January 22, 2010
I was beginning to wonder if the January thaw would ever arrive.
The Cape Region usually benefits from a short break in the winter weather. However, the persistent freezes and unusual amount of snow started to make me doubt that we’d see any warming trends until sometime in March.
Luckily, the mid-January weekend was blessed with a significant elevation in the daily temperature, accompanied by a rare winter thunderstorm with an inch or so of rain.
I confirmed with Shawnee Country Club on the Monday holiday that the course was open, and hurried up to Milford.
A foursome was about to start, and given the lack of any crowd and the somewhat lax winter rules, I joined them. The group included Jeff Kohel, the current club champion; Lisa Hutchins, a past club champion; Randy Hambrick, a past club champ and a former club pro; and Jim Hutchins, a persistent 9-handicapper and raconteur of all things golf.
The first sign of the different playing conditions than last November’s rounds appeared on the first green.
It was completely soaked.
As you walked over the turf, water would immediately surround your shoes. You quickly learned to keep moving, pausing only long enough to make a quick green read and putt out.
Fortunately, not all of the greens were as soggy as that first one, but even those that weren’t quite as wet presented their own challenges.
Unlike my own style of play, if you can call it that, these other four golfers are very good at hitting high shots onto the greens. On several occasions, however, their shots did not check and roll toward the hole as they planned. Instead, the balls would immediately plug, or stop dead within inches of their initial landing point.
For example, Hambrick’s nicely struck tee shot on the 193-yard par 3 tenth hole landed in the center of the front third of the green. From the tee box we could see a splash of water at least a yard wide. We found his ball buried deep in its own pitch mark.
My own three-wood shot on that hole landed a bit short, bounced up, and rolled to a stop in the back third of the green, about 20 feet from and level with the hole.
Sometimes it really is better to be lucky than good.
The bunker sand was tightly packed, and nearly brick-hard in most places. Lisa Hutchins had no problems with that challenge, but my first attempt in a twelfth hole greenside bunker was struck too hard. I swung much slower on the second attempt from the same bunker, and it came out fine.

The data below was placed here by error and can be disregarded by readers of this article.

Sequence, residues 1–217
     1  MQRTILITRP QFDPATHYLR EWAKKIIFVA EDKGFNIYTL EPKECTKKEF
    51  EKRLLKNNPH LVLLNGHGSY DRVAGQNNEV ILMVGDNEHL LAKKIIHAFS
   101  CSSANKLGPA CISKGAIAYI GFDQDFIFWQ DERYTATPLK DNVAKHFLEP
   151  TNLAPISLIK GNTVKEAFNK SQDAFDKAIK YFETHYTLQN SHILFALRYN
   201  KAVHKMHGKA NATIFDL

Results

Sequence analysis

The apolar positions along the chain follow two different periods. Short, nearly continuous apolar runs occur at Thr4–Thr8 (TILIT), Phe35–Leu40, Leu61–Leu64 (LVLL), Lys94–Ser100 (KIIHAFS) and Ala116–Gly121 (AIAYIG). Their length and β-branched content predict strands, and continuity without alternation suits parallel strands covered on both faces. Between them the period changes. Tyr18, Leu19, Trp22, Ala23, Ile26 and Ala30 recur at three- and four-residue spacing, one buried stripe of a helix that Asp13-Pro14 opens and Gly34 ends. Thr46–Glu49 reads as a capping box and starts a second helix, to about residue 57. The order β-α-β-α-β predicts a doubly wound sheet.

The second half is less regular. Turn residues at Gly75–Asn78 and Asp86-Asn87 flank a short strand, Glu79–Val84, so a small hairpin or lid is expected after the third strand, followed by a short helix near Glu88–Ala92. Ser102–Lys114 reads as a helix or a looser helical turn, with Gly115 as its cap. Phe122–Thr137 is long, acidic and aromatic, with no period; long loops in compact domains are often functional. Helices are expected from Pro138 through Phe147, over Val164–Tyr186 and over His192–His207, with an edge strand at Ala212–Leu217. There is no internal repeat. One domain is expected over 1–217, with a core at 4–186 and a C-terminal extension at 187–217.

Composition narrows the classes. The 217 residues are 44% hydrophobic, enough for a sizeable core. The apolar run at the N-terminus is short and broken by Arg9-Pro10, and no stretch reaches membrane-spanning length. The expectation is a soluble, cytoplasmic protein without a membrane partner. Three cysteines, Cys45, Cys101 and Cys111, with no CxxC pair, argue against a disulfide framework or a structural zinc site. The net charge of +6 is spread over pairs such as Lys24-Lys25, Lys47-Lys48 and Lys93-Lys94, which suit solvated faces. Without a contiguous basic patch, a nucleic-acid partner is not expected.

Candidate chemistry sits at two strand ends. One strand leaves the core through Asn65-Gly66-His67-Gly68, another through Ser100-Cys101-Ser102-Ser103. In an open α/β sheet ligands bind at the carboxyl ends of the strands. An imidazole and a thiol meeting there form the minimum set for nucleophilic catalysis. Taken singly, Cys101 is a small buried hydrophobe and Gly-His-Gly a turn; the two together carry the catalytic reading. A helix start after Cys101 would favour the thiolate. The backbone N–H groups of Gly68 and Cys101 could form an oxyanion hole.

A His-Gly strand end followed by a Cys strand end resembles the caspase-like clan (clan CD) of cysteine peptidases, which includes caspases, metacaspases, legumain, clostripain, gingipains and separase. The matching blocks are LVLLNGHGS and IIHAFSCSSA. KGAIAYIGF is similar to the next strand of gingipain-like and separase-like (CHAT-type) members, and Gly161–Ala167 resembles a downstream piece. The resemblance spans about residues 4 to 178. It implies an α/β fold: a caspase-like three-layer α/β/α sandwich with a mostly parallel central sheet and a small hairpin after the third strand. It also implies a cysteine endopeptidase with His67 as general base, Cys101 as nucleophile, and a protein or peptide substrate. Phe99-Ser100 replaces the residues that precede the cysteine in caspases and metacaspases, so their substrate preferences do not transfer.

Some short game techniques need to be re-learned on the fly.
Despite the damp turf, everyone played fairly close to his or her usual handicap levels. It was a fun round, and with any luck we could play another round or two during the next month—weather permitting.
Ruling of the Week
The United States Golf Association posts a Ruling of the Day on its website. They’re a fun way to refresh your recollection of the various rules that govern the game.
One ruling from this week caught my attention, for the sheer gall exhibited in the situation.
Q: An opponent or a fellow-competitor purposely steps on the player’s line of putt with the intention either of improving the line (e.g., by pressing down a raised tuft of grass) or of damaging it (e.g., by making spike marks). What is the ruling?
A: In either case, the opponent or the fellow-competitor was in breach of Rule 1-2. The penalty is loss of hole in match play or two strokes in stroke play, unless the Committee decides to impose a penalty of disqualification…. In stroke play if the line of putt has been damaged, the player … may restore the line of putt to its previous condition. A player is entitled to the lie and line of putt he had when his ball came to rest. The line of putt may be restored by anyone.
If that same opponent purposely stepped on the line of some golfers, disqualification might be the least of his penalties.